Dialects "haven’t got to" be the same: modal microvariation in English

Richard Stockwell, Carson T. Schütze


This paper concerns itself with dialectal differences between British Eng-lish (BrE) and American English (AmE) regarding modal have-got and its scope with respect to sentential negation. Modal haven’t got is perfectly acceptable in BrE, meaning ‘not obligated to’ in the standard variety. In AmE, modal have-got is somewhat degraded when the have has unambiguously raised, and especially so when it is negated, as shown in a preliminary acceptability judgement survey of American English speakers. An analysis in terms of polarity sensitivity is inadequate, and Iatridou & Zeijlstra’s (2013) syntax for modals is overly restrictive in the face of scopally ambiguous have not (got) to in non-standard varieties of BrE. We propose an analysis in terms of the locus of modality: whereas have and got are separate in BrE, in AmE have-got is a scopally indivisible whole. Finally, we evaluate how well this analysis extends to an additional dialectal difference in verb phrase ellipsis (LeSourd 1976), where the have of have-got survives ellipsis in BrE but not AmE.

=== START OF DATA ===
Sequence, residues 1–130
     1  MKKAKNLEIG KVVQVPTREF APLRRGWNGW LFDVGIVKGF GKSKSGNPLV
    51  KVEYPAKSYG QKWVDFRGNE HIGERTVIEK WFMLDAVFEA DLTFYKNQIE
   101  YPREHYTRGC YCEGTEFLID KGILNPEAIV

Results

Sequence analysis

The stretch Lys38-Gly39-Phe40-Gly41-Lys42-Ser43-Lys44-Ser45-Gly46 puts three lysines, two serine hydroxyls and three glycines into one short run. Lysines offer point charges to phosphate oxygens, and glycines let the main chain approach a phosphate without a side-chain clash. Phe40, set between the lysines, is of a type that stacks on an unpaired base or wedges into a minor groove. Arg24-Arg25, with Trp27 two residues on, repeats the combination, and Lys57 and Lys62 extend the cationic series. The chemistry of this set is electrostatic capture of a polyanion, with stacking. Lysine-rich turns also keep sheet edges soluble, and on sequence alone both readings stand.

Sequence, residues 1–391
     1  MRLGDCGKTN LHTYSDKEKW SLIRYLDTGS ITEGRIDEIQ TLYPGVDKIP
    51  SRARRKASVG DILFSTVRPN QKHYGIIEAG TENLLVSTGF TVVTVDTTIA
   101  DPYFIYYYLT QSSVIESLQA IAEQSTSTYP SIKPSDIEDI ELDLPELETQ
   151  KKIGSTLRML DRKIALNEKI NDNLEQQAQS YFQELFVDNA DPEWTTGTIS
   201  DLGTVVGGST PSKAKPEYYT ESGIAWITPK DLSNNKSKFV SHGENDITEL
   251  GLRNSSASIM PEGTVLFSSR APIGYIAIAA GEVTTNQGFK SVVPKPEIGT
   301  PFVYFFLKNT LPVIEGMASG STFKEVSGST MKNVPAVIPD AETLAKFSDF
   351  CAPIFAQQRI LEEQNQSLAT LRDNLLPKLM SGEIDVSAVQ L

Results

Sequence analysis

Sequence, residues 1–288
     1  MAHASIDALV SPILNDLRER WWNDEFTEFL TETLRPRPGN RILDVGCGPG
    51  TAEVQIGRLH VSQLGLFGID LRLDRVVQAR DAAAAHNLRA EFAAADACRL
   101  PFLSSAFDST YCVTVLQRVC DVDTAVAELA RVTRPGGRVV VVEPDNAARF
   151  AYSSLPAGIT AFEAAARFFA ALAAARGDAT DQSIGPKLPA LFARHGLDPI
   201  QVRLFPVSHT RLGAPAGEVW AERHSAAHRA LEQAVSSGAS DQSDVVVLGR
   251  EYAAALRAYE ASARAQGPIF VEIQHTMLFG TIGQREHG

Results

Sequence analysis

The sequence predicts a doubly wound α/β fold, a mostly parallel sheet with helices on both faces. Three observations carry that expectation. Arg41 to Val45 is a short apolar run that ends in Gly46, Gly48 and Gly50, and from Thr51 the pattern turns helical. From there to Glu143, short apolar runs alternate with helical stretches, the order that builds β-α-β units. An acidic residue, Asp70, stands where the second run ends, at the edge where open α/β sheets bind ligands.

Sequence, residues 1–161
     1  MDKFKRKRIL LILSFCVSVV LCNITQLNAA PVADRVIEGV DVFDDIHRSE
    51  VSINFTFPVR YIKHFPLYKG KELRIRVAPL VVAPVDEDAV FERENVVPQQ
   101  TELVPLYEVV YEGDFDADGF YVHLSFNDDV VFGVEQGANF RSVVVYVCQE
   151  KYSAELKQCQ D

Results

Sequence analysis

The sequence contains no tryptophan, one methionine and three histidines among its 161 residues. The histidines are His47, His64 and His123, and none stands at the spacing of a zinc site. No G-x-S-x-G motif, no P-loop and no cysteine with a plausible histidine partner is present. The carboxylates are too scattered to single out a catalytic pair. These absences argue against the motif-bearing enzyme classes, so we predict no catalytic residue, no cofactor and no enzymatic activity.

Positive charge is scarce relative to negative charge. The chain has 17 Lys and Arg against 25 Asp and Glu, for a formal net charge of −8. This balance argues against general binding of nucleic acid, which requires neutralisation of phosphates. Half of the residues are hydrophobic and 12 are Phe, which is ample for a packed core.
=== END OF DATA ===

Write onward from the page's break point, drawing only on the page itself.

English dialect syntax; "have got to"; modality; negation; ellipsis; polarity sensitivity

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DOI: https://doi.org/10.3765/plsa.v4i1.4538

Copyright (c) 2019 Richard Stockwell, Carson T. Schütze

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